Ontario Pulls Plug on 36,000 Rural ‘Smart’ Meters: Is Big Energy Imploding?
Last night I watched The Big Short — maybe the most important Hollywood film in years. This true story is a powerful and eloquent invitation to wake up to the sheer depravity at the core of the system of commerce.
The fact that the film got nominated for 5 Oscars including Best Picture is a huge sign that there are way more people waking up than we ever thought. The wrongs may not be getting righted as quickly as we’d like, but it is happening.
The reality of this shift is clearly evidenced by this news last week from Ontario. After years of obvious problems, Hydro One finally admitted that rural ‘smart’ meters do not work, and has decided to pull the plug on 36,000 of them — to start. We will see more utilities begin to do likewise. [UPDATE: BC Hydro just announced plans to remove 88,000 meters suspected of failure.]
Costing ratepayers billions, smart meters are actually designed to unlawfully harvest detailed data of the in-home activities of occupants without their knowledge or consent.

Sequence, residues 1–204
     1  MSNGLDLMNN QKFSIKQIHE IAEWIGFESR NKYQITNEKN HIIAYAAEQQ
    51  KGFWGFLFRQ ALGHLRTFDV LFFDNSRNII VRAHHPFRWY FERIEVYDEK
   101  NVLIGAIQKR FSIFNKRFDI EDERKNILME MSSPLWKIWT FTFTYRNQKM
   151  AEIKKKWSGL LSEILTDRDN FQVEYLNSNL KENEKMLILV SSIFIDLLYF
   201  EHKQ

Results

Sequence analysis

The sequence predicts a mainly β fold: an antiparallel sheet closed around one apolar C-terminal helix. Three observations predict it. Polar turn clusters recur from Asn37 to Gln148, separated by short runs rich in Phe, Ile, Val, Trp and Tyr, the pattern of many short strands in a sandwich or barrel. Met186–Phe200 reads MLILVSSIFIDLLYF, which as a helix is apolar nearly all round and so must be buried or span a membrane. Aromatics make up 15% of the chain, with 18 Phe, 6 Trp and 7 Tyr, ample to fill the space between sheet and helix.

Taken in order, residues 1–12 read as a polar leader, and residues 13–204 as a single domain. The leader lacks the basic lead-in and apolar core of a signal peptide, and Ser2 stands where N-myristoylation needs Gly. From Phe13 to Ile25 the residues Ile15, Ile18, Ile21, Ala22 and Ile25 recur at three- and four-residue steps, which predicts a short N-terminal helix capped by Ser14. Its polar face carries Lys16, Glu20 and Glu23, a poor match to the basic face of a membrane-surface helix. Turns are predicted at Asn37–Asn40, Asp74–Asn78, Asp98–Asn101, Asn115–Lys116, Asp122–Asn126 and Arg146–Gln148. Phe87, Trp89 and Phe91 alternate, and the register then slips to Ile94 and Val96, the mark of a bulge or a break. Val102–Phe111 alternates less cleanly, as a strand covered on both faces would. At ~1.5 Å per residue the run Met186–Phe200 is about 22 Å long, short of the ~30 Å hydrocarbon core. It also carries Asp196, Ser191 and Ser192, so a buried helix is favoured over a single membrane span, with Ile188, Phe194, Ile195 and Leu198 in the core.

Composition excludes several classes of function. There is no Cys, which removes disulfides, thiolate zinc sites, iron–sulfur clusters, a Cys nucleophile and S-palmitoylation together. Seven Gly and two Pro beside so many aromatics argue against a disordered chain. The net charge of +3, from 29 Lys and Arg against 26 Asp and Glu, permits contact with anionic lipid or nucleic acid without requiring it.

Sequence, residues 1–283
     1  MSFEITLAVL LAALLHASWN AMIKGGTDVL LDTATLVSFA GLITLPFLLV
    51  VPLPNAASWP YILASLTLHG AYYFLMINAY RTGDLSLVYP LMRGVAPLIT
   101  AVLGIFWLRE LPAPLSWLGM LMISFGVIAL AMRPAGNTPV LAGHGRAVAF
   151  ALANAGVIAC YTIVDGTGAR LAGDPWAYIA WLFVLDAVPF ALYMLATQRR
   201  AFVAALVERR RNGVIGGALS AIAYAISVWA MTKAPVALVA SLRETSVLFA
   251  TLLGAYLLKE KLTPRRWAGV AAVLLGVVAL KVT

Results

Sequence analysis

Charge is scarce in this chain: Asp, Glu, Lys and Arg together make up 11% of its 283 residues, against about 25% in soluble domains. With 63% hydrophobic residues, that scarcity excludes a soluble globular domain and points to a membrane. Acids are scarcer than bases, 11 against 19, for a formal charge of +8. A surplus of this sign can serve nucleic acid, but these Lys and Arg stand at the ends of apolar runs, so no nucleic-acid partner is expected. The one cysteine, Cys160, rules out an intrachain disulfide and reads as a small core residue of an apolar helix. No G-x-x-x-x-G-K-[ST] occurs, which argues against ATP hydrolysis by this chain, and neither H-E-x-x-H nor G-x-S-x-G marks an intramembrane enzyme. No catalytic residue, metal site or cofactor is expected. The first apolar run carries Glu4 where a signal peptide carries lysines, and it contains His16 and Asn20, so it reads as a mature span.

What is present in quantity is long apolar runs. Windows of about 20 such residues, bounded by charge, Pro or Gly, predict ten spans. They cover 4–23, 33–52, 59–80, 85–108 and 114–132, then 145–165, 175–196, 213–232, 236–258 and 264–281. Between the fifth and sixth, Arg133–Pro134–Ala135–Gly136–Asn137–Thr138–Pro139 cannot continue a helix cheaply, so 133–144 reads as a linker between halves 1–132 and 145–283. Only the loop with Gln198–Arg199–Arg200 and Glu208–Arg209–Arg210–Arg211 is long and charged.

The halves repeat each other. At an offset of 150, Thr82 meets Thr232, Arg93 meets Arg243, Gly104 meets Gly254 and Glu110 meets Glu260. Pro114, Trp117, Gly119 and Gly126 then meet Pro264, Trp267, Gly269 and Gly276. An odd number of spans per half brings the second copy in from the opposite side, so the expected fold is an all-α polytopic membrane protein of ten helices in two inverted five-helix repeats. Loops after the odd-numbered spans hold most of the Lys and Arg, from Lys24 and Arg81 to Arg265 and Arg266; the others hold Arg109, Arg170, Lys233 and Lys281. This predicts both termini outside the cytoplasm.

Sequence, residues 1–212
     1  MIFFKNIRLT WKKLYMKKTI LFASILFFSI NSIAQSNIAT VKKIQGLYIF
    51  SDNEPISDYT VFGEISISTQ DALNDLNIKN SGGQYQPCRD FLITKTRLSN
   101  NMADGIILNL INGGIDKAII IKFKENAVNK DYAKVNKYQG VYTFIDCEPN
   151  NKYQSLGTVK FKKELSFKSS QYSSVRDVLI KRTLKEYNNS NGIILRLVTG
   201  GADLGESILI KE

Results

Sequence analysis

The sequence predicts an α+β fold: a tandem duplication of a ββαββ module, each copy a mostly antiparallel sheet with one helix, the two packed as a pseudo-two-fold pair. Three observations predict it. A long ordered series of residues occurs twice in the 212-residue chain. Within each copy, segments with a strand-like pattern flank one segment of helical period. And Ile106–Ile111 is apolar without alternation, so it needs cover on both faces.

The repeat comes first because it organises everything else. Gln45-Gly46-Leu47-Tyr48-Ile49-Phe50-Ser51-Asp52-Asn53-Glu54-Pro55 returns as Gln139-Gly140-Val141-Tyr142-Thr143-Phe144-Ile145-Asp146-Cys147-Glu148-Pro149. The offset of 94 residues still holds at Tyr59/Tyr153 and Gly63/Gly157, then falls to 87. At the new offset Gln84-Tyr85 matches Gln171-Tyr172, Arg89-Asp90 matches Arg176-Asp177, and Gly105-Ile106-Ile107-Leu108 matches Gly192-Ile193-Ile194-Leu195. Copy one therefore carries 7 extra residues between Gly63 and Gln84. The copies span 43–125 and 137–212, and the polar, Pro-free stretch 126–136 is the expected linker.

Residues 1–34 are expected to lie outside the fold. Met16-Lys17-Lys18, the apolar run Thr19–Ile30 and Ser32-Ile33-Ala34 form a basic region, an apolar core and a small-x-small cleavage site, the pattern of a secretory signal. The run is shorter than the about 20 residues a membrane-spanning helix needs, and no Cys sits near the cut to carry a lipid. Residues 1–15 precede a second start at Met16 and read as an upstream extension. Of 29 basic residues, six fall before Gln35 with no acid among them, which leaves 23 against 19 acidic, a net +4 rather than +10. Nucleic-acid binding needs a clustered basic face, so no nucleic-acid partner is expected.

As reported by the National Post:
“Astonishing,” was the reaction from Lanark-area MPP Randy Hillier, who has been deluged with complaints about Hydro One billing and smart-meter suspicions.
“I’ve been banging my head against the wall for the last five years, saying we’ve got problems with smart meters in rural Ontario.” Since first being elected in 2007, no single issue has attracted as much attention in his riding, he said.
For the purpose of clarification: at this time Hydro One is not planning to uninstall smart meters and replace with analogs — but rather to manually read rural customers’ meters quarterly, and estimate the months in between, because the wireless reporting is simply not working.
Hydro One was the first major utility in Canada to deploy so-called ‘smart’ meters upon an unsuspecting customer base. The price tag for rollout, paid for by the people of Ontario, was $2 billion — which was $900M over budget.